How to make sure they don’t go back: New York State is failing at prisoner reentry

By LUCY LANG

NEW YORK DAILY NEWS |

OCT 27, 2019

My friend Emmanuel died this summer. It was an unorthodox friendship, formed in 2018 when I was a prosecutor and he was incarcerated in Queensboro Correctional Facility. We met in a class I teach called Inside Criminal Justice, which brings prosecutors and incarcerated students together to find ways to change the legal system in our city.

Eight months after Emmanuel was released, I was in a funeral home in Queens, his brother’s young children holding hands in the row in front of me.

During our first class together in prison, Emmanuel told us, “I am an addict. But I’m never coming back here.” Nearing the end of his prison sentence for a serious assault, he was smart and gregarious. He asked my fellow prosecutors hard questions, like how we could in good conscience do a job that required sending people like him to a place like where we sat, surrounded by cinderblock walls with a guard at the door.

At the concluding class ceremony, Emmanuel’s group presented their idea for change: legislation that would permit sentenced people to earn time off their sentences by taking college classes and engaging in other pro-social programming.

I met his sister and his mother that day, and we wept as Emmanuel read aloud a poem written for his mom that ended: “I love you until the day I take my last breath, always and forever.”

Like most of my incarcerated students, Emmanuel had a difficult reentry transition. He got a job delivering packages at Christmas, but it ended after the holiday rush. He was denied a job at JFK because he had a felony conviction.

He interviewed for a position seeking someone with direct experience in the system. It went to a candidate who had completed their college degree, while Emmanuel was still credits shy.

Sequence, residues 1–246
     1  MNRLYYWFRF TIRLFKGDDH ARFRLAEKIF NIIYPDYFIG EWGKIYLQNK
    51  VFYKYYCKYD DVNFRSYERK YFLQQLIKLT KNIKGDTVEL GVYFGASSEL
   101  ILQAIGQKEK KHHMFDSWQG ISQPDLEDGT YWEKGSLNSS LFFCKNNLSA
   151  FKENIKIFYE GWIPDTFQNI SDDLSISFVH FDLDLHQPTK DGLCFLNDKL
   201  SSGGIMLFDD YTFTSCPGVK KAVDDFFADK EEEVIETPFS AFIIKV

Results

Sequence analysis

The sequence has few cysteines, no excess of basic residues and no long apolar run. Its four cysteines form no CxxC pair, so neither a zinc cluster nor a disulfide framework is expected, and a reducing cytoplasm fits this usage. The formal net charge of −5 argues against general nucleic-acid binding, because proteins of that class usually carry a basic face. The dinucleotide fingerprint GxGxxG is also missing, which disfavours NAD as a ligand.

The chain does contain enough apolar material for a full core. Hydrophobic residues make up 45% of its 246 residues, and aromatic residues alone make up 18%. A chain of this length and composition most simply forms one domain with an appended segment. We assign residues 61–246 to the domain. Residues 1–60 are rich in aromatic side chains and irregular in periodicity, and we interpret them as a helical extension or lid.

He finally found work a plumber, but was unable to secure housing because of his violent conviction. He reported regularly to parole and lived in a shelter as he rebuilt family relationships that years of addiction had strained. He met up with his loving mother and siblings three times a week to plan for the future.

His family doesn’t know precisely when his frustration turned to despair, and his despair turned to heroin. I do know, though, that the web of systems re-entering New Yorkers rely on failed Emmanuel as they fail countless others every day because they do not work together to effectively care for people.

What if Emmanuel hadn’t been afraid of being punished for turning back to drugs, the support mechanism he’d turned to his whole adult life? What if he reported to parole, or the shelter, or the police department that he was suffering?

What if, before he was released from prison, recognizing that Emmanuel’s brain had been rewired to hunger for drugs after so many years of use, prison doctors had prescribed him methadone or buprenorphine, medication that helps people successfully manage addiction?

What if the temporary housing he found in the shelter system had not been brimming with temptation? What if he had been educated about administering Narcan, the safe and legal overdose antidote?

Every year, more than 20,000 people come home from prison across New York State, the majority to New York City. The overdose rates for these New Yorkers are unconscionable. A new paper from the Institute for Innovation in Prosecution urges that district attorneys take these challenges into consideration when deciding whether and what crimes to charge.

In addition, we must not just understand but act on the knowledge that many of the behaviors we now criminalize are public health problems, and the agencies designed to serve the public should coordinate to treat them as such. Such change will require unprecedented collaboration between the many separate arms of law enforcement, public housing, and public health systems to name a few.

I see now that Emmanuel was right on both counts on that first day we met: He was suffering from addiction, and that he was never going back to prison.

Lang is the executive cirector of the Institute for Innovation in Prosecution at John Jay College of Criminal Justice.

Link to article: https://www.nydailynews.com/opinion/ny-oped-how-to-make-sure-they-dont-go-back-20191027-jkrgorrcqraxfd4pdyhb7o5lvy-story.html